What is ransomware and how do I protect my PC from WannaCry?
I have purchased one of these exhaust fans:-
This fits into where you would put a PCI card(which is at the back on my system)and sucks air from inside the case and vents it out via the silver end plate.
I could position it directly under my graphics card with a few millimeters clearance, but I am concerned that it would cause damage to the fan on my graphics card(I'm don't know whether graphics card fans blow air onto the GPU, or vent it away from it)or damage it in some other way.
I currently have it positioned beneath an L shaped sound card, which is in turn below my graphics card.
Any advice appreciated, dagwoood.
Thanks for the links, they made interesting reading, especially the second one where they test different configurations.
The exhaust would suck air away from the the graphics card, NOT blow on it. Thats why I started this thread as I didn't know whether it would be a good idea to place it so close to my graphics card.
Do graphics cards fans draw air down onto the GPU?
I always use an exhaust fan mounted below the graphics card. Amazing the amount of heat it blows out.
I normally keep a spare fan as the bearings tend to get noisy after about 6 months use, but at £1.17 each that isn't really a problem.
Thanks for the input.
When you say below, do you mean immediately below, and has your graphics card got a fan?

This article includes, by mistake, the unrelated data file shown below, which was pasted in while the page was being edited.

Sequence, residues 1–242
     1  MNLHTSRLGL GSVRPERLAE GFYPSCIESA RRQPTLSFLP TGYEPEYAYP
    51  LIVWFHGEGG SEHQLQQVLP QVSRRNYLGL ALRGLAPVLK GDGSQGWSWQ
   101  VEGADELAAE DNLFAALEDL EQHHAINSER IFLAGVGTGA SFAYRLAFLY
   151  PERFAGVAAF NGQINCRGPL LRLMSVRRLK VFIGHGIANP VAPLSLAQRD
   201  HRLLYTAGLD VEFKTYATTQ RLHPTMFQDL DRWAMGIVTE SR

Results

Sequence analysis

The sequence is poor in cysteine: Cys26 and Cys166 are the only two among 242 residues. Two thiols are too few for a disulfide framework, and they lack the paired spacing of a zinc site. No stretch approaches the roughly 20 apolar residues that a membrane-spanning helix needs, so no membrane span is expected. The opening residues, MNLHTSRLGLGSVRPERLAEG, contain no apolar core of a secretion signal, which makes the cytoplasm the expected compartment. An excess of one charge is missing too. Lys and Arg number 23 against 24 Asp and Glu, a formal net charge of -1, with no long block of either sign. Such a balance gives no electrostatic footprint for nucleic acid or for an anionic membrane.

When it comes right down to it you can't actually make air cooler by moving it about.
Unless you have assembled the machine yourself ( in which case anything you want to do applies) it's best to leave air-flow as the manufacturer intended.
In all my years of messing about with computers I have never introduced extra fans (cooling?) to a system. Air-flow through the case is the important thing and even in the hottest countries all over the globe the manufacturers have got it right.
If you think about it cooling needs colder air - where are you going to get that from? Not from fans for sure!
I have one of these fitted in a couple of machines, in both cases directly under the graphics card, however both cards are fan free with passive cooling blocks, so it enhances the cooling.
The obvious way of checking if the extracter fan is fighting the card fan when they are in immediate proximity is to listen to them. You would almost certainly get a lot of noise from turbulence and resonance, if they are opposing each other.
However I would not think that there's much point in moving it from where it is.
They do work and the internal temperature of the case does drop, because as the warm air is extracted from the case it's replaced by cool air sucked in through the air vents at the front of the case.
Can I assume, at that price, it is a passive device, as opposed to electric?
Just read more info, it's electric! The only concern I would have, is it going to oppose other fans and alter the flow of air away from other heat sources?
Surely "Over" is more logical, as hot air rises.
Mango Grummit really has a point.
If you really wish to increase the cooling within your PC run a flexible hose from the open air to the lower front input.
But then the boys won't envy you as it's not pretty and costs little.
Mine is mounted under the graphics card to prevent the graphics card fan, which is mounted on the bottom of the card, from blowing even more warm air around the other components.
Basically what the exhaust fan does is suck the warm air blown from the graphics card out of the case, and so assists cooling by removing heat.
I agree that it will not physically cool the case, but it will assist cooling by removing warm air from it's source.
All any mechanical cooling device does is remove heat, be it refrigeration, fluid or air movement.
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